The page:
Once you’ve fully grasped and met with clients affected by the changes to contributions and the pension phase, you will need to become familiar with how the reforms have affected super and estate planning.
This can broadly be broken down into the changes to death benefit nominations and other estate planning considerations.
Death benefit nominations
The introduction of the transfer balance cap (TBC) of $1.6 million that applies to retirement phase income streams may warrant reviewing the death benefit nominations a client has put in place for their superannuation.
Clients with a retirement phase pension may want to complete a reversionary death benefit nomination, where the pension will automatically continue to be paid to the nominated beneficiary.
A key benefit of doing this is that the beneficiary will have 12 months from the date of death before a credit is recorded in their transfer balance account (TBA) in relation to the death benefit pension.
This gives the beneficiary time to address their affairs and make arrangements to commute an amount from either the death benefit pension or their own member pension, which will be desirable if the death benefit pension will cause them to exceed their available TBC.
The credit to the reversionary beneficiary’s TBA will reflect the value of the pension at the date of death of the original member. Any earnings on the pension in the 12-month period will not affect the TBA.
If a client wants to add a reversionary nomination to an existing pension, they may need to cancel and restart the pension. Not only will this reset annual minimum pension payment requirements, it may have adverse social security consequences if the pension is grandfathered.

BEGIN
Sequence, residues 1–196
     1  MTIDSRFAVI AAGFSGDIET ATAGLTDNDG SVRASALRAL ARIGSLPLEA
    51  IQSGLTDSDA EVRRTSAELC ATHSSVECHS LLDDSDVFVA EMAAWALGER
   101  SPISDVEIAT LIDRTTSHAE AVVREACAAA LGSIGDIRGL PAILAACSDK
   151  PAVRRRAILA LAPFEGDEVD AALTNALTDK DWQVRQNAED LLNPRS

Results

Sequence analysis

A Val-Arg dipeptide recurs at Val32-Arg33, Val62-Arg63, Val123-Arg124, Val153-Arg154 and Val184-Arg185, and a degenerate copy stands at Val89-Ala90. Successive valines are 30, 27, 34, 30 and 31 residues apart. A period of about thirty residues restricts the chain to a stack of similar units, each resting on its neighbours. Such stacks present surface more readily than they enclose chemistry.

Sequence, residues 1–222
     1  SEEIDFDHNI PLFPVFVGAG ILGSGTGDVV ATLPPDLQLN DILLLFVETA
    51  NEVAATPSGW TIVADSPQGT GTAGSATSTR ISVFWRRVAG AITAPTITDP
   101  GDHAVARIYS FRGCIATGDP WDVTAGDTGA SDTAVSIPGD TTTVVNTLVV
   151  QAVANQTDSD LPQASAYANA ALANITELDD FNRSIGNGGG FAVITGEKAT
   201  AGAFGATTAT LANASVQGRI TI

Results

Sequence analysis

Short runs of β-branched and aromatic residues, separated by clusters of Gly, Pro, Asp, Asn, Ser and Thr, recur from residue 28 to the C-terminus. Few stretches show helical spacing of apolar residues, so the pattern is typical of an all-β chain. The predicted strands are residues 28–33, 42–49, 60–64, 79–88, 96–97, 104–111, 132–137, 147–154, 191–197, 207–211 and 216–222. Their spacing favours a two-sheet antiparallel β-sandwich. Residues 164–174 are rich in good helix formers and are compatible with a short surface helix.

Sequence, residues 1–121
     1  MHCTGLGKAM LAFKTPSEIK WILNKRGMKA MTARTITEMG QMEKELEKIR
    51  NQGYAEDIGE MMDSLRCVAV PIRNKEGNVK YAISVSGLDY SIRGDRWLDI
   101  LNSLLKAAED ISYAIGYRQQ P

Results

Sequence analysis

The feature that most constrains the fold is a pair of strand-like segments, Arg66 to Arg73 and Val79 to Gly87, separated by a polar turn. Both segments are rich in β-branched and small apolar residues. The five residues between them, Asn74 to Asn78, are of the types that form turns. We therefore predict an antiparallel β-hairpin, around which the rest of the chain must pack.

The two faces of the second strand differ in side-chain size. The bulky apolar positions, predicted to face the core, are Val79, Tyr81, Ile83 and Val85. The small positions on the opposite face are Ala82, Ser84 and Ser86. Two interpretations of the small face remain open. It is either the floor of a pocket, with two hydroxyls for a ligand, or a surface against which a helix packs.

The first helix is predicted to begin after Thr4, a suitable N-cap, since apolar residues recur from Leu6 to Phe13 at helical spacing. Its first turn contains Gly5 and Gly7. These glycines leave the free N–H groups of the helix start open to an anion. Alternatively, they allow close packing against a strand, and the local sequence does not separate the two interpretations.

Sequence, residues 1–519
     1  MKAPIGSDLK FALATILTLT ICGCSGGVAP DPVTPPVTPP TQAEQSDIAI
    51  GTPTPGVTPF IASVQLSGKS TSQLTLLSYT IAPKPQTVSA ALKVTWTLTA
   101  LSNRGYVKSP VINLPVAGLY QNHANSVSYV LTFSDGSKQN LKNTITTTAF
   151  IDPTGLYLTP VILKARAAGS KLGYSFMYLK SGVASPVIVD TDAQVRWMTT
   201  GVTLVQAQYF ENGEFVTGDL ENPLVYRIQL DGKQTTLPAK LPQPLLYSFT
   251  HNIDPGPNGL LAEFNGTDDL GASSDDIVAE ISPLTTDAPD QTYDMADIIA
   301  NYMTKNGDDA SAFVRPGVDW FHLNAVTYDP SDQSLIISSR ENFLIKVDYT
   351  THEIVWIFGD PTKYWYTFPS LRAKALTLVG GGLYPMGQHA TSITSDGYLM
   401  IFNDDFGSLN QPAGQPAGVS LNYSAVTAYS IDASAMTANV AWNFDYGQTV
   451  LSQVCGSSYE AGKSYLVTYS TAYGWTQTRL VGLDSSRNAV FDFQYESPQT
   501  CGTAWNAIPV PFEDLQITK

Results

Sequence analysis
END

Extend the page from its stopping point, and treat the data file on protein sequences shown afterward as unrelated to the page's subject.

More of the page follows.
Some funds will allow a reversionary nomination to be added or amended without having to start a new pension. You will need to check with each fund directly to understand the options available.
Other estate planning considerations
If some of a death benefit is likely to be paid to financially independent adult children, the client may consider the benefit of using a re-contribution strategy.
This strategy can increase the tax-free component of the superannuation benefit and reduce the tax that would be payable on a death benefit.
Alternately, it may be desirable to withdraw some or all of the super balance prior to death and either pay the money to adult children as an ‘early inheritance’ or invest outside super to mitigate death benefit tax on super proceeds.
Provided the fund member is over 60 or otherwise capable of receiving the benefit tax-free (under the low-rate cap), then no tax would be payable on the amount withdrawn. However, this strategy may only be appropriate where the fund member is either terminally ill or very elderly, or where the tax outcomes of investing outside super and taking advantage of an effective tax-free threshold make financial sense.
Previously, the loss or reduction of future anti-detriment entitlements had to be factored in when determining the net benefit of this strategy. This strategy may therefore be more appealing, as anti-detriment payments will no longer be paid where a death occurred on or after July 1, 2017.
That rounds out the key areas to master post-super reform and the most important discussions to have with your clients on contributions, pensions and estates. After one of the biggest rounds of changes in the history of superannuation in this country, you may be breathing a sigh of relief – and with informed support from you, their adviser, we’re sure your clients are too.
Richard Edwards is a technical expert at MLC.